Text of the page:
Mere non filing of return of income does not give jurisdiction to the Assessing Officer to re-open the assessment unless the person concerned has total income which is assessable under the Act exceeding maximum amount which is not chargeable to Income Tax. This is provided in Explanation 2 to Section 147 of the Act. This is for the reason that in terms of Section 139(1) of the Act the obligation to file a return of income is only when the total income of a person exceeds the maximum amount not chargeable to tax. So also the obligation to obtain PAN only arises on the income being in excess of the maximum amount not chargeable to tax. Therefore, non filing of return of income and/or not obtaining of PAN does not ipso facto give jurisdiction to reopen an assessment under Section 147/148 of the Act
It was argued on behalf of the Revenue, that in view of the judgment in Vijaya Bank Ltd.’s case  187 ITR 541 (SC), even if the securities were treated as part of the trading assets, the income therefrom had to be assessed under section 18 of the Act and not under section 28 of the Act as income from securities can only come within section 18 and not under section 28. We do not find any merit in this argument. Firstly, as stated above, Vijaya Bank Ltd.’s case  187 ITR 541 (SC) has no application to the facts of this case. Secondly, in the present case, the Tribunal has found that the securities were held as trading assets. Thirdly, it has been held by the Supreme Court in the subsequent decision reported in the case of CIT v. Cocanada Radhaswami Bank Ltd.  57 ITR 306, that income from securities can also come under section 28 as income from business. This judgment is very important. It analyses the judgment of the Supreme Court in United Commercial Bank Ltd.’s case  32 ITR 688, which has been followed by the Supreme Court in Vijaya Bank Ltd.’s case  187 ITR 541. It is true that once an income falls under section 18, it cannot come under section 28. However, as laid down by the Supreme Court in Cocanada Radhaswami Bank Ltd.’s case  57 ITR 306, income from securities treated as trading assets can come under section 28. In the present case, the Department has treated income from securities under section 28.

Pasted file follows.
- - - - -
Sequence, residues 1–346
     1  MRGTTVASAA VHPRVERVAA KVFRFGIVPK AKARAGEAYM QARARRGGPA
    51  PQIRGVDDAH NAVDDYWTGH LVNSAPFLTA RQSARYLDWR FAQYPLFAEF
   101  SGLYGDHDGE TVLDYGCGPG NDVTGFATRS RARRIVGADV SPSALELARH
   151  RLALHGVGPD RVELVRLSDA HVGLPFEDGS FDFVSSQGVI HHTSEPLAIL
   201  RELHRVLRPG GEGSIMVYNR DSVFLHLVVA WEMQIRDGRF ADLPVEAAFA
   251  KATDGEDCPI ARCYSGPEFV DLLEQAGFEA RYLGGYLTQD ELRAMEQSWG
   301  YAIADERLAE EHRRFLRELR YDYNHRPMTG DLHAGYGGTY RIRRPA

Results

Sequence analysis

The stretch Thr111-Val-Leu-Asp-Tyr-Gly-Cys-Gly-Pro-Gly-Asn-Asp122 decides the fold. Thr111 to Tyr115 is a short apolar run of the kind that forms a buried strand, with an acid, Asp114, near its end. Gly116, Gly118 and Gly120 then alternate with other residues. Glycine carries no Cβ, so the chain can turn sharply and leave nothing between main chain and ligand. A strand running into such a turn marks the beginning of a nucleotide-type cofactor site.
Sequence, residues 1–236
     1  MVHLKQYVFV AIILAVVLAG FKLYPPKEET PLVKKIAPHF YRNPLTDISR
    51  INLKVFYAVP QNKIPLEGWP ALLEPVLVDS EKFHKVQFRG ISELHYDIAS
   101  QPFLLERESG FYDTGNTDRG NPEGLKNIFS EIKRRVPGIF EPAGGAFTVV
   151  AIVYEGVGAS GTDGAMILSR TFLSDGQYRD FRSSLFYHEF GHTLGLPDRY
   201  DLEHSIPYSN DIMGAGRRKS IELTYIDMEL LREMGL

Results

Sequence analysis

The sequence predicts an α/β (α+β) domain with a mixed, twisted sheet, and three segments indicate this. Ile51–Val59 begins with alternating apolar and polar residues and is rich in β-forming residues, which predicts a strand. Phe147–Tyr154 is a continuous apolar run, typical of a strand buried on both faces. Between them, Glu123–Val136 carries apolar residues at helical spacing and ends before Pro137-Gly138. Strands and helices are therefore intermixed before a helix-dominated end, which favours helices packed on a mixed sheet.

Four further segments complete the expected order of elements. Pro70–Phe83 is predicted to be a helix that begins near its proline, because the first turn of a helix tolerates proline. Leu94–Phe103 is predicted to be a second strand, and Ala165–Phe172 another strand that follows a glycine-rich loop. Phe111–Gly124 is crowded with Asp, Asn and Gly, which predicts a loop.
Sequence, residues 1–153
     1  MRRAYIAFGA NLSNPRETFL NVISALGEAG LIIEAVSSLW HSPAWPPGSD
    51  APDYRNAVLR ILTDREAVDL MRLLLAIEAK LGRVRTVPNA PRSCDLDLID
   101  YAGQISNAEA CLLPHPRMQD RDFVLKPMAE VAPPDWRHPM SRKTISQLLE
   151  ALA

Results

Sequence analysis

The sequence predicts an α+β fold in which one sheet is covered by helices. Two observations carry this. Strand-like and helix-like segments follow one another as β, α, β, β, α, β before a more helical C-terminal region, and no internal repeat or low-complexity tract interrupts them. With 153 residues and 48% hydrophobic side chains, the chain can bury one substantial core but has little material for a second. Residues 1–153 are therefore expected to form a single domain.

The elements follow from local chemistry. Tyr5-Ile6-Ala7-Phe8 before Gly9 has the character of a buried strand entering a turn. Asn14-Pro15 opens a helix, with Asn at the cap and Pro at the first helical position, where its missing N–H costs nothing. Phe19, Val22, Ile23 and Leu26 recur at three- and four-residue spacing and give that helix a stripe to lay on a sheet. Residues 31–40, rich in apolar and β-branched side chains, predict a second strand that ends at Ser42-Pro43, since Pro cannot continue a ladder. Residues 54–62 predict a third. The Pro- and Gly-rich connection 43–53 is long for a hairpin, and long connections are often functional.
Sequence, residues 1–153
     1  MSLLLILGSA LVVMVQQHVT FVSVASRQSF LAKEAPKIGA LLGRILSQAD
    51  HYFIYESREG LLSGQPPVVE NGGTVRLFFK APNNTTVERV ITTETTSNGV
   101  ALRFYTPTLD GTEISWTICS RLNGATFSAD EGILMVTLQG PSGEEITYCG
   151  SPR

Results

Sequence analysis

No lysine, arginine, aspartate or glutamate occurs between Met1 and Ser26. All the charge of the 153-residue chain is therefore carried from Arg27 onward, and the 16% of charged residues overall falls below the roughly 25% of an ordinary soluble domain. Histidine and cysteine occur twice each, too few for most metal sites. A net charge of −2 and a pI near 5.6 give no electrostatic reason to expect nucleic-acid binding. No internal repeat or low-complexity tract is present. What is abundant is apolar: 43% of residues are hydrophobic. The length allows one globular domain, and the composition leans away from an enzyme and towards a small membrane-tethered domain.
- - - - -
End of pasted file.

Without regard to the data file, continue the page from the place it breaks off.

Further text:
The contention of the Revenue that the impugned order is seeking to tax the amount on receipt basis by not having brought it to tax in the subject assessment year, is not correct. This for the reason, that the amounts to be received as deferred consideration under the agreement could not be subjected to tax in the assessment year 2006-07 as the same has not accrued during the year. As pointed out above, accrual would be a right to receive the amount and the assessee alongwith its co-owners have not under the agreement dated 25th January, 2006 obtained a right to receive Rs.20 crores or any specified part thereof in the subject assessment year. In the above view there could be no occasion to bring the maximum amount of Rs. 20 crores, which could be received as deferred consideration to tax in the subject assessment year as it had not accrued to the assessee.